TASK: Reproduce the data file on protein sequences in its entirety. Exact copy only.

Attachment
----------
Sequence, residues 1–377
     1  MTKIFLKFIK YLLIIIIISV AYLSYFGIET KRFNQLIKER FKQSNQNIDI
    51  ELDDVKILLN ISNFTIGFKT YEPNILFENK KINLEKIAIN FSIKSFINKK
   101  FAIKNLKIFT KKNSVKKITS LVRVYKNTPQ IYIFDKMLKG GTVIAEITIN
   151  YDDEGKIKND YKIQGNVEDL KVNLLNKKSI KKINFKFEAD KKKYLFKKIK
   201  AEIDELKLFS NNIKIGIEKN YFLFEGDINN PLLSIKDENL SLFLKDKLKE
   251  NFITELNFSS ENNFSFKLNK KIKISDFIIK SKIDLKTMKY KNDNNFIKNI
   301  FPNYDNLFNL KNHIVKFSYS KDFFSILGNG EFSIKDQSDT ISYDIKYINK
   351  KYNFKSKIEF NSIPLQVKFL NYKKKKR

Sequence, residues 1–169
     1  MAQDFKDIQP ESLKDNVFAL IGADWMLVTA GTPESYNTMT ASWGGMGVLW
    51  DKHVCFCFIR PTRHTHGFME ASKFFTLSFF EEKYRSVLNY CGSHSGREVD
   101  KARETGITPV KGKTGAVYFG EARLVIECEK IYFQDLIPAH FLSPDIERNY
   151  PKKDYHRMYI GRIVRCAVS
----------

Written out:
Sequence, residues 1–377
     1  MTKIFLKFIK YLLIIIIISV AYLSYFGIET KRFNQLIKER FKQSNQNIDI
    51  ELDDVKILLN ISNFTIGFKT YEPNILFENK KINLEKIAIN FSIKSFINKK
   101  FAIKNLKIFT KKNSVKKITS LVRVYKNTPQ IYIFDKMLKG GTVIAEITIN
   151  YDDEGKIKND YKIQGNVEDL KVNLLNKKSI KKINFKFEAD KKKYLFKKIK
   201  AEIDELKLFS NNIKIGIEKN YFLFEGDINN PLLSIKDENL SLFLKDKLKE
   251  NFITELNFSS ENNFSFKLNK KIKISDFIIK SKIDLKTMKY KNDNNFIKNI
   301  FPNYDNLFNL KNHIVKFSYS KDFFSILGNG EFSIKDQSDT ISYDIKYINK
   351  KYNFKSKIEF NSIPLQVKFL NYKKKKR

Sequence, residues 1–169
     1  MAQDFKDIQP ESLKDNVFAL IGADWMLVTA GTPESYNTMT ASWGGMGVLW
    51  DKHVCFCFIR PTRHTHGFME ASKFFTLSFF EEKYRSVLNY CGSHSGREVD
   101  KARETGITPV KGKTGAVYFG EARLVIECEK IYFQDLIPAH FLSPDIERNY
   151  PKKDYHRMYI GRIVRCAVS